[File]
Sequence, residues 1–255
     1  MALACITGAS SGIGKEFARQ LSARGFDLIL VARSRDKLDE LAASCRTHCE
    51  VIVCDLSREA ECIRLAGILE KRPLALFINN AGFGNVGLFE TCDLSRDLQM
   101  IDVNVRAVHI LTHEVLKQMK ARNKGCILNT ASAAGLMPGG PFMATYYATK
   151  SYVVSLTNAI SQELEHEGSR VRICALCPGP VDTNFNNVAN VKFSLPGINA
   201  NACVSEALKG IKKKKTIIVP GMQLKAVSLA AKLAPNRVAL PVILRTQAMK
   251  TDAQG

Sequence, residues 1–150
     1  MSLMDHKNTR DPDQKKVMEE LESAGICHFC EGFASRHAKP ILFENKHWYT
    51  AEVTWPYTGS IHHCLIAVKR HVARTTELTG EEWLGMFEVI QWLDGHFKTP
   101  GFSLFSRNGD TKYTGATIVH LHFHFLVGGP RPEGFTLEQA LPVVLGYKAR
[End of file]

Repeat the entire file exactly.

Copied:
Sequence, residues 1–255
     1  MALACITGAS SGIGKEFARQ LSARGFDLIL VARSRDKLDE LAASCRTHCE
    51  VIVCDLSREA ECIRLAGILE KRPLALFINN AGFGNVGLFE TCDLSRDLQM
   101  IDVNVRAVHI LTHEVLKQMK ARNKGCILNT ASAAGLMPGG PFMATYYATK
   151  SYVVSLTNAI SQELEHEGSR VRICALCPGP VDTNFNNVAN VKFSLPGINA
   201  NACVSEALKG IKKKKTIIVP GMQLKAVSLA AKLAPNRVAL PVILRTQAMK
   251  TDAQG

Sequence, residues 1–150
     1  MSLMDHKNTR DPDQKKVMEE LESAGICHFC EGFASRHAKP ILFENKHWYT
    51  AEVTWPYTGS IHHCLIAVKR HVARTTELTG EEWLGMFEVI QWLDGHFKTP
   101  GFSLFSRNGD TKYTGATIVH LHFHFLVGGP RPEGFTLEQA LPVVLGYKAR